updated 06:05 pm EDT, Wed July 26, 2006
DRM "hurts" customers
The hotly-debated topic of digital rights management (DRM) restrictions imposed upon consumers of digital works to guard against piracy continues to rage, as one columnist claims that only two types of DRM exist, and that Apple's FairPlay DRM hurts both customers and partners. "Apple sold a billion tracks in three years in spite of its DRM, not because of it," said InformationWeek columnist Cory Doctorow. "No Apple customer bought an iTune because of the DRM." The author cites previously-proposed restrictions by industry executives, such as characterizing skipping commercials on TV as theft, but allowing "a certain amount of bathroom activity."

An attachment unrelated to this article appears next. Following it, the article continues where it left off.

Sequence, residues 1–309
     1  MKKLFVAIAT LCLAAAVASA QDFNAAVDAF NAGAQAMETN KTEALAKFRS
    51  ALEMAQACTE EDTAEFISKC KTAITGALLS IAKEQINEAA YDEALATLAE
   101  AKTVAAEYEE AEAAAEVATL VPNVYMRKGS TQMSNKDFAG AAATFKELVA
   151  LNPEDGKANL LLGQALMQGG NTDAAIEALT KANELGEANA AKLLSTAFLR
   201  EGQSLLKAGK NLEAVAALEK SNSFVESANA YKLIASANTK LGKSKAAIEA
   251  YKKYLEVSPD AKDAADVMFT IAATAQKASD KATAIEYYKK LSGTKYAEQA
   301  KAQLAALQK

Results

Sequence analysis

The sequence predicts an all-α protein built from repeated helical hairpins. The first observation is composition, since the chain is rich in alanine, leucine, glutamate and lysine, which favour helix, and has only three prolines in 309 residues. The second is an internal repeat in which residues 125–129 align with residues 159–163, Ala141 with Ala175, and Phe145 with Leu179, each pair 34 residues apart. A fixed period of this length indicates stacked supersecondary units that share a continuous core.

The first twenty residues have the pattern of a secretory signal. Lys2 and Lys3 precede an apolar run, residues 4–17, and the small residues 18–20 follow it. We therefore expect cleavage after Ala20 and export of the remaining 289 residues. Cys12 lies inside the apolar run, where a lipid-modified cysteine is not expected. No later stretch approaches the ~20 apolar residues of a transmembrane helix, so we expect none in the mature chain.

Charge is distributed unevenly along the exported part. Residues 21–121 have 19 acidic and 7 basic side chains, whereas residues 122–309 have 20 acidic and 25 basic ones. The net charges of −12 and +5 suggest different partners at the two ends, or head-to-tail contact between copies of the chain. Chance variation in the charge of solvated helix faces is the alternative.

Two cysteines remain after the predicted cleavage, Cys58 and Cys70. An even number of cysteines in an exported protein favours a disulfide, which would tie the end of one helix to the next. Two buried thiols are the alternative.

"What's more, every track in the iTunes music store can be downloaded for free from P2P networks," Doctorow continued. "Apple proves that you can sell music without DRM all day long -- all adding DRM to Apple's music does is give Apple the ability to abuse its customers and its partners from the labels."